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Most of the time, your table saw works very well. You’re happy with its performance, and you can see yourself using it for many years. But no power tool is perfect, and there are some sections of your table saw that inevitably need to be replaced. Or you might even want to add some table saw accessories to improve its performance.
If that’s the case, then check out our table saw accessories reviews below. We’ve curated some of the best table saw accessories you can purchase online — from the best table saw sleds to the most accurate table saw miter gauges — so you can get started with your new project.
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- Premium Woodworking Tools: Kreg Featherboard applies perfect pressure to ensure safety and perfect cuts
- Perfectly Applies Pressure: Saw featherboard has carefully designed fingers to provide consistent, desirable pressure
- Durable Plastic Polymer Material: Hardy composite featherboard body works with a router table, table saw, miter-slot, or T-slot
- Versatile Wedge-Lock System: The Wedge-Lock System allows the featherboard to attach to tools without extra hardware
- Premium Kreg Tools: We offer products that help woodworkers close the gap between idea and outcome
- Protect hands and prevent kickback like never before
- Powerful high-friction durable grip for extreme hold
- Precision cutting and control down to 1/4" Ripping
- Fully adjustable for easy handling
- Work with small stock safely on the table saw, Router table, Jointer, & Band saw
- THE ORIGINAL DUBBY SLED From standard 4 sided panel cutting to the absolutely stunning heptagon frame you will be completely accurate with the angles on your mitered projects with the Dubby Sled. The Dubby will allow you to make perfect cuts the first time you do them and keep your creative juices flowing with idea after idea. It is ideal for making frames but it also works very well for the cutting of tiny pieces while keeping your fingers out of harms way.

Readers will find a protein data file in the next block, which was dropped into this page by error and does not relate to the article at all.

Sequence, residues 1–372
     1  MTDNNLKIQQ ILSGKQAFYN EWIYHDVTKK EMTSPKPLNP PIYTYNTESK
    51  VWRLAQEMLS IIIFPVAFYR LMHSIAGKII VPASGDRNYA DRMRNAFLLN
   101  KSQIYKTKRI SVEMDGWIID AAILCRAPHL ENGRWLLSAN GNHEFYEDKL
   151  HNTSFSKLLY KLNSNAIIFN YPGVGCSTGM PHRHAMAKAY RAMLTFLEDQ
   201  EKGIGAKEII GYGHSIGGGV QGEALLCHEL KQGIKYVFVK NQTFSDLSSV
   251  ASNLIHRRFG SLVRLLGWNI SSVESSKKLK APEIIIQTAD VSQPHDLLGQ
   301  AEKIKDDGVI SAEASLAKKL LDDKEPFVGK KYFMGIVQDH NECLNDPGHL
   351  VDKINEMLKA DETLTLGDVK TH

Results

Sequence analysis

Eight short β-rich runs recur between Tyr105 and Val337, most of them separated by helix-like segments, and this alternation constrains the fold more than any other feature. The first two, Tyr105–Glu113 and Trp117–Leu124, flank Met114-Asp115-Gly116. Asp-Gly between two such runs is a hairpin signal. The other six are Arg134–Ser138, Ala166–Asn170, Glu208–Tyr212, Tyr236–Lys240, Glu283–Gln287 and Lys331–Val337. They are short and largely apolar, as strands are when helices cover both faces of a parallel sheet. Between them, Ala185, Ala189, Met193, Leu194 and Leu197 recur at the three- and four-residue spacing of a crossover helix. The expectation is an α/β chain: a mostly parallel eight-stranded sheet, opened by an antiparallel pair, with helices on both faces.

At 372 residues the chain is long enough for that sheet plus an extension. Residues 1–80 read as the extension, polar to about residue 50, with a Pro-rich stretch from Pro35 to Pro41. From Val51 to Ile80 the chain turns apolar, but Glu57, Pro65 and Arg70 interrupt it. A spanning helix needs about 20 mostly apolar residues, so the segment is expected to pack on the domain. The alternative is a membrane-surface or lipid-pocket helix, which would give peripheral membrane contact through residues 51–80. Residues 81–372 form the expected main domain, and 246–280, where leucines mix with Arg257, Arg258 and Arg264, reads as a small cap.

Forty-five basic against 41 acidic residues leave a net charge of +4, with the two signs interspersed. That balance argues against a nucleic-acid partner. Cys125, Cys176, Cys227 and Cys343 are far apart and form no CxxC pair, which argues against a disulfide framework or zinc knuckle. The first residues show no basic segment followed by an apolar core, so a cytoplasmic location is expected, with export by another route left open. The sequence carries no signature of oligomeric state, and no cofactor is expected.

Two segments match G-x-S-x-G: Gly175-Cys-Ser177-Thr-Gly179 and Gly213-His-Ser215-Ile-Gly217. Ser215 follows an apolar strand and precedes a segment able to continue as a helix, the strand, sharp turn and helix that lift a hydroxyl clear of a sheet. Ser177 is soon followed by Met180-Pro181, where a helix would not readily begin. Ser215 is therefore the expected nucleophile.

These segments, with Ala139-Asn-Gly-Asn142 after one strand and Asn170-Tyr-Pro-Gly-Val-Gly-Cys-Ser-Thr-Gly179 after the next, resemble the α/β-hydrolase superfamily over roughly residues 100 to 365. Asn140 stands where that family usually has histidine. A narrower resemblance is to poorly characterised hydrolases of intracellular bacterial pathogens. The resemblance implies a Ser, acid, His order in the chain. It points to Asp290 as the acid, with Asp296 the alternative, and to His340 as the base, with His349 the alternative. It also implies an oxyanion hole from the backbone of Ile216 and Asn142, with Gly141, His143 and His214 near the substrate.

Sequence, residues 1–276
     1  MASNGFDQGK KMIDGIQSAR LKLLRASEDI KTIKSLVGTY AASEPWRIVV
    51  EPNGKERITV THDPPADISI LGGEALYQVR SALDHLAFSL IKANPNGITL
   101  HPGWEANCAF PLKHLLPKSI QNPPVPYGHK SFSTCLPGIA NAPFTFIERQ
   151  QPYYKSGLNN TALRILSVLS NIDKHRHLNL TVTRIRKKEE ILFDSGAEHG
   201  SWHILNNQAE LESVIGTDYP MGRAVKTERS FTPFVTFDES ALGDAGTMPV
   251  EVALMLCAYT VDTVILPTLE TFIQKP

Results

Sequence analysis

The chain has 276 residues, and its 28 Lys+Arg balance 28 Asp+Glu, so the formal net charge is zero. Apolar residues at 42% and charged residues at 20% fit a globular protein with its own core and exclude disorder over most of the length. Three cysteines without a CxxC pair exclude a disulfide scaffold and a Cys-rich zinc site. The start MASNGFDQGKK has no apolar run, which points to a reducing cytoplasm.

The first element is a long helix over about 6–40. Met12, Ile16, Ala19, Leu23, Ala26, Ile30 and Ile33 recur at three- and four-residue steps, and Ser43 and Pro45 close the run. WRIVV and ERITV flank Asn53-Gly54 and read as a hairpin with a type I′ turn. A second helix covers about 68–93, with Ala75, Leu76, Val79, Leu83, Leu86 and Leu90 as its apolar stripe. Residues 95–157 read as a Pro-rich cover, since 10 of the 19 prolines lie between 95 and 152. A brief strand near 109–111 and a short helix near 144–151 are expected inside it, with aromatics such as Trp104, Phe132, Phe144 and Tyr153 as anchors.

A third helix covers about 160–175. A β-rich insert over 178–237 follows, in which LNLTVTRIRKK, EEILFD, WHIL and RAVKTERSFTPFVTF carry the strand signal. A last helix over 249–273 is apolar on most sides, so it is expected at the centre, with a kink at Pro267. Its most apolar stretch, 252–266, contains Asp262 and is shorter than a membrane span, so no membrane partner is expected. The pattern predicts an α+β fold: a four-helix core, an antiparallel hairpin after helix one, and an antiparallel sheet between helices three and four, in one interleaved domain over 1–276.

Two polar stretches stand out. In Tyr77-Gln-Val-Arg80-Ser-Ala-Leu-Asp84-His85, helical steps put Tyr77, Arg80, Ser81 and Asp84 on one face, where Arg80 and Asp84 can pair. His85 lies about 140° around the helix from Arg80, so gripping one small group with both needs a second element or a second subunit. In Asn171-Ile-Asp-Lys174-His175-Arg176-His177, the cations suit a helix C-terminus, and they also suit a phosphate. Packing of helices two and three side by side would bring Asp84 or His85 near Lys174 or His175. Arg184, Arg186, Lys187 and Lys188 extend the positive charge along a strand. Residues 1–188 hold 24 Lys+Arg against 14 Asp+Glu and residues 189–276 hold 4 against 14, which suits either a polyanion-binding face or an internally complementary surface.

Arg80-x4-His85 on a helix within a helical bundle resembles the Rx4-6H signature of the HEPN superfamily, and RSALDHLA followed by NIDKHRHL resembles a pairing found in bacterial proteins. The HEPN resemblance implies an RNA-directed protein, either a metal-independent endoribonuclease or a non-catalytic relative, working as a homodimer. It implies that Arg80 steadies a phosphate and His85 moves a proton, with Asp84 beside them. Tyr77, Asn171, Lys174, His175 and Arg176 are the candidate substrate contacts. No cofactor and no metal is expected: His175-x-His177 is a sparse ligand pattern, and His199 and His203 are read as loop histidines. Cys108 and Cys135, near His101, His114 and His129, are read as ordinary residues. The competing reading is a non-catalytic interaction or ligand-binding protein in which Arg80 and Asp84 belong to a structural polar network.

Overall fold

- WORKING WITH LARGE PANELS The Dubby has the capacity to crosscut panels up to 24″ wide x 52″ long, and allows you to do them safely. Since the panels don’t make contact with the table saw top, “walking” of the material is virtually eliminated. This will allow you to cut perfectly square panels for your furniture and cabinet making projects quickly, easily and accurately.
- WORKING WITH ANGLES The Dubby angle scale is the simplest, most accurate and easiest to read scale available. Being about 15-20 times more accurate than the average miter gauge, the scale has pre-determined lines for any shape (from 4 to 16 sides) you want to cut. This means no calculations, no hassles, and best of all, no test cuts for perfect results
- WORKING WITH SMALL PIECES- No miter gauge on the market can offer you the margin of safety provided by the Dubby Sled. The versatile hold-down clamp included with every Dubby will give you an extremely safe way to cut small pieces, and will easily pivot out of the way when you don’t need it. With 35lbs. of hold down pressure, the clamp will hold small pieces all the while keeping your hands and fingers out of harms way.
- WILL THE DUBBY FIT YOUR SAW? The Dubby sled is compatible with most cabinet and contractor table saws. However, your table saw should fall within the following specs for a proper fit. The Miter Slot should be a ¾” wide x 3/8” deep slot. Your saw must measure at least 27” from the front of the saw to the back. The miter slot must be 4” to 5 ¾” from the installed table saw blade. PLEASE NOTE: that the Dubby WILL NOT work on most JOBSITE style table saws. Please measure your saw before ordering.
- Dock & Lock the included INCRA Miter Gauge in Seconds
- Removable t-slot retaining clips & adjustable miter bar
- GlideLOCK Miter Bar - The Miter 1000SE's 6 expansion disks adjust both sides of the bar for ZERO side play, anti-friction travel on all table saws with standard miter gauge channels
- Special Edition Telescoping INCRA-LOCK Fence
- Special Edition 1/10th° Vernier Cursor
- Sled base and fence provide zero-clearance support—just run it through your saw to locate the kerf
- Sled rides in miter track of your table saw—included miter slot stop limits forward travel of sled
- Rear-mounted blade guard is adjustable to fit most table saws
- Aluminum T-track on top edge of fence lets you add a flip stop (not included) for repeatable cuts
- Short T-track parallel to blade accepts an optional T-track hold-down clamp (sold separately)
- Premium Home Improvement Tools: This miter saw table gauge helps you make accurate and repeatable angled cuts
- Versatile Woodworking Tool: Saw accessory has a brass pin that lets you make quick changes between stop angles
- Accurate Measuring Tool: Miter saw guide has 5 positive stops; vernier scale aids adjustments to 1/10 of a degree
- Secure Workshop Accessories: Swing stop lets you switch boards quickly without losing measurements on miter gauge